Jerry Seinfeld and his wife Jessica reveal the secret behind their lasting marriage

Love is still in the air for Jerry Seinfeld and his wife of 20 years, Jessica Seinfeld.

According to the star, the secret behind their lasting marriage is surprisingly simple — comedy.


“From the day I met her, that was really our connection,” the 65-year-old told Closer Weekly on Friday. “We always have fun and we laugh and she’s got a great sense of humor. She’s very quick and sarcastic and all the qualities that I like. She’s very sharp. She catches all the wrongness.”

“All the badness,” chimed the 47-year-old. “… We just make each cry and laugh all day.”

The couple tied the knot in 1999 and are proud parents to three children: Sascha, 18, Julian Kal, 16, and Shepherd Kellen, 13.

And apparently, time does fly for the pair.

“You know what, we got married in ’99,” reflected the “Seinfeld” alum to the outlet. “I thought, I think you thought, ‘Boy, the math will be so easy’ and it’s not, it’s impossible.”


“So this is 20?” the comedian asked his wife, who reminded him that their 20th anniversary is at the end of the year.

“So this December will be 20 years? Wow. That’s amazing,” he gushed to the outlet.

Jessica said her spouse has long been supportive of her work with Good + Foundation, a nonprofit she founded that aims to combat poverty. According to its site, the nonprofit pairs “tangible goods with innovative services for low-income fathers, mothers and caregivers, creating an upward trajectory for the whole family.”

“I think it’s very natural,” Jessica explained about the couple’s devotion to their passion projects. “I don’t think it’s something we think about. I think, I love what he does and I support his work and he has really responded to the work that we do and has been there from the beginning and has heard me and watched me and listened to me. And he naturally just wants to be there and be supportive because he loves the work and he loves me.”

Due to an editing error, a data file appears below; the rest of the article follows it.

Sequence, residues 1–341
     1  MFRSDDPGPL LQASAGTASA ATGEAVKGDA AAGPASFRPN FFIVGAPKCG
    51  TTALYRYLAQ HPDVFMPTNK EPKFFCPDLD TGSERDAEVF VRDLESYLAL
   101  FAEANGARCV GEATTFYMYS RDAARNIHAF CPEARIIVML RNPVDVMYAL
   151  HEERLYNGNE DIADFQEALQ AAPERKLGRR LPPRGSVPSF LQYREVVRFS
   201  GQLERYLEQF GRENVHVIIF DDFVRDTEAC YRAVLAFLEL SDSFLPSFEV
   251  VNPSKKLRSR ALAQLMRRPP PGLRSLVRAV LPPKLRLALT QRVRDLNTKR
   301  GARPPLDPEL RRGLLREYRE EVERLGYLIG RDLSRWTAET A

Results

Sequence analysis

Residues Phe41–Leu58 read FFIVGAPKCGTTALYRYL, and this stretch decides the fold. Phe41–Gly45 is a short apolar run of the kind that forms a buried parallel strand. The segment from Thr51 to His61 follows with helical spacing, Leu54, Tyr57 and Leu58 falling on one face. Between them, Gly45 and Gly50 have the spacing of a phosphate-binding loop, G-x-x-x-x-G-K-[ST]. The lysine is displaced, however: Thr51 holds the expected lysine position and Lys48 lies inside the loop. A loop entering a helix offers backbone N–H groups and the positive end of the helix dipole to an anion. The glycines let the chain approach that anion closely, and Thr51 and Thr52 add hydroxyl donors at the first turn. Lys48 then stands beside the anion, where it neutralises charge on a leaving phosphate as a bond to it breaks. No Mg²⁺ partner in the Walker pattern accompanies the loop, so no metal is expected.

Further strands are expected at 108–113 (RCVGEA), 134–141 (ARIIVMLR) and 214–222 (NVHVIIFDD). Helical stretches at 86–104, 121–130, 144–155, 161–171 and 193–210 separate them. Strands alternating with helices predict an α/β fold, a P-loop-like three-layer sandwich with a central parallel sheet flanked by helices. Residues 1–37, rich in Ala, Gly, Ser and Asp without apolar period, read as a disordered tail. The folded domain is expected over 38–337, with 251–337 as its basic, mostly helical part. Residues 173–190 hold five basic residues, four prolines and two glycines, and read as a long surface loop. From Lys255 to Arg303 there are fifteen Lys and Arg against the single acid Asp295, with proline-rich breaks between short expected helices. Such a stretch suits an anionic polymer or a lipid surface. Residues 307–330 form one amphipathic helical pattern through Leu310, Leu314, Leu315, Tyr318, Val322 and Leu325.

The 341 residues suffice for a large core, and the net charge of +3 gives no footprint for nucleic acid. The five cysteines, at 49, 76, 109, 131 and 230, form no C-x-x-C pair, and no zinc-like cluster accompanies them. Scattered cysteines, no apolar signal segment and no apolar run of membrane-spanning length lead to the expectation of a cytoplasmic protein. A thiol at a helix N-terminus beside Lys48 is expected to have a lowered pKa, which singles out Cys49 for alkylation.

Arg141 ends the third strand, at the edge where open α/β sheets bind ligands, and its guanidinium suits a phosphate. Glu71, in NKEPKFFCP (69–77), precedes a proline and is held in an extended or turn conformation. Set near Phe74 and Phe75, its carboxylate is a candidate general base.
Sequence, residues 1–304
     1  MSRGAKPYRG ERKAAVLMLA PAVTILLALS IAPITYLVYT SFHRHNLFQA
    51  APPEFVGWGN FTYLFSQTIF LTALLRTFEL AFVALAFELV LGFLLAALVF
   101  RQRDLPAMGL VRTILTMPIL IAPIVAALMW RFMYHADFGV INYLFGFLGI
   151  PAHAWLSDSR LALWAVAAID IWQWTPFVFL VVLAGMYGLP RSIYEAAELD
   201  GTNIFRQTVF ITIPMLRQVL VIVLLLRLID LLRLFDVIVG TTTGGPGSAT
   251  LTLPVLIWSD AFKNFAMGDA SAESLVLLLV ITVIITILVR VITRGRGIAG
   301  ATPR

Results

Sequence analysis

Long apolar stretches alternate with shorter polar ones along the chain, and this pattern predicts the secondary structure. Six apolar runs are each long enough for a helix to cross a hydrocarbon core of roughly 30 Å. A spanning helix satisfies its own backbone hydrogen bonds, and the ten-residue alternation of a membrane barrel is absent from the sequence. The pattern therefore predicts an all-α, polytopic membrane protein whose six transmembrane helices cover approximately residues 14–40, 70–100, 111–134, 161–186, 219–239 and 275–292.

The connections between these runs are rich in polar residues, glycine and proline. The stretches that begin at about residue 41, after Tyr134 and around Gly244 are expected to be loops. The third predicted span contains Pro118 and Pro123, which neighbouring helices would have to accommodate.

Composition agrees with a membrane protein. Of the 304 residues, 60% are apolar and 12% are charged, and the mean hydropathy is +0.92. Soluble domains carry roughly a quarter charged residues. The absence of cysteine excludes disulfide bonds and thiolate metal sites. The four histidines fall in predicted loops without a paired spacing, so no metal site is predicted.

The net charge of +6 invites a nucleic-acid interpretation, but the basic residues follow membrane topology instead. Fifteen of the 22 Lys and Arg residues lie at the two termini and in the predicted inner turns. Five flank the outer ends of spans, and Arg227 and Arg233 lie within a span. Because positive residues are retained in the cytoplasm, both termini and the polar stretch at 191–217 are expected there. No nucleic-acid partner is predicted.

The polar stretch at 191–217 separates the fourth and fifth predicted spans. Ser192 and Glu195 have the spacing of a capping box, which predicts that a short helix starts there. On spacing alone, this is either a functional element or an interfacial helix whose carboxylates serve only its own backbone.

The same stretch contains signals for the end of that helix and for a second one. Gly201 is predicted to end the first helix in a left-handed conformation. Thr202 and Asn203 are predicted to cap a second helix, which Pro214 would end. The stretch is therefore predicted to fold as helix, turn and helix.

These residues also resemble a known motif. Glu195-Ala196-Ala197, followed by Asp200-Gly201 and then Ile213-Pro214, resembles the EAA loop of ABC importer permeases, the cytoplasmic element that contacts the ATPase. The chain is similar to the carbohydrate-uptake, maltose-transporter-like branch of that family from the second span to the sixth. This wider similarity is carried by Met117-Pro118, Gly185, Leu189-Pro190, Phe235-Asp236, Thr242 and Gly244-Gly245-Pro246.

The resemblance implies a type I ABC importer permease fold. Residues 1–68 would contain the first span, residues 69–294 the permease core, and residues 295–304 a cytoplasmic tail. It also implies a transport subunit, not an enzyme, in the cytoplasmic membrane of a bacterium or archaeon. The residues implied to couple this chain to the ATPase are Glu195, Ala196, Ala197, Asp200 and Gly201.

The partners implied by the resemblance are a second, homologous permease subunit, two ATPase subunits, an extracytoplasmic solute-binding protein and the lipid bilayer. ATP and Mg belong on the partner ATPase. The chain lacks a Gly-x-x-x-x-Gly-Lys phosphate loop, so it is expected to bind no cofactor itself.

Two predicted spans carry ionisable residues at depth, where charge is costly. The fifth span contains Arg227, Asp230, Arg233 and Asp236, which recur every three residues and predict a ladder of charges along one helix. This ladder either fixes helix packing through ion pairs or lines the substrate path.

In late 2018, Seinfeld told Us Weekly that the duo enjoys trying new eateries to keep the marriage fresh. It’s also the perfect compromise for a homebody (him) and a social butterfly (her) that has worked over the years.

“That’s a great adventure for us,” he said. “That’s what I like to do. Jess is more geographically adventurous than I am. She wants to see the world. But I’m more interested in the new restaurant."

The couple have also been dedicated parents determined to give their children as normal of an upbringing as possible.

“They have their little nastiness, and you know, they close themselves in their rooms and stuff,” said Seinfeld at the time. “But you can just barge in and go, ‘OK. Out of the room, off the screen.’ You can push them around still.”

Seinfeld also previously told how the pair tackles marital fights.


“The best piece of advice I received before I got married was, ‘Be careful what you say when you’re in a fight because it could stick in someone’s head,” he said. “I don’t think I’ve ever said anything I really regretted. I’m very sympathetic to women. I’ve really studied wifeology, and I know you’ve got to figure out the feelings. Deal with the feelings.”

“If you’re a man, you have to figure out what she needs to hear,” he continued. “So ask her: ‘What do you need to hear me say?’ And then just say it. That’s a very good way out of an argument. But then you have to act — you have to say it as you mean it. Even our kids have this thing where, if you say, ‘I’m sorry,’ they go, ‘No, say a nice sorry.’ If it’s not a nice sorry, it doesn’t count.”

Seinfeld also revealed monogamy comes naturally to him and he wouldn’t have it any other way.

“My personal viewpoint is this: The problem with humans is our heads are just way too big," he said. "And one of the greatest appeals of monogamy is the simplification of the mental process. I don't have any friends who aren't faithful to their wives, but if I did, my main question would be, ‘Who's got time to figure all that out?’ It's just too much work.

“The emotions that have to be disposed of, the values, the ethics... All I see is this gigantic amount of work for a fleeting pleasure. People should get married because they have finally seen the folly of being single: ‘Oh, this is all just kind of a bad magic trick. I just keep bending over to reach for this wallet on a string. How much longer am I gonna do that?’"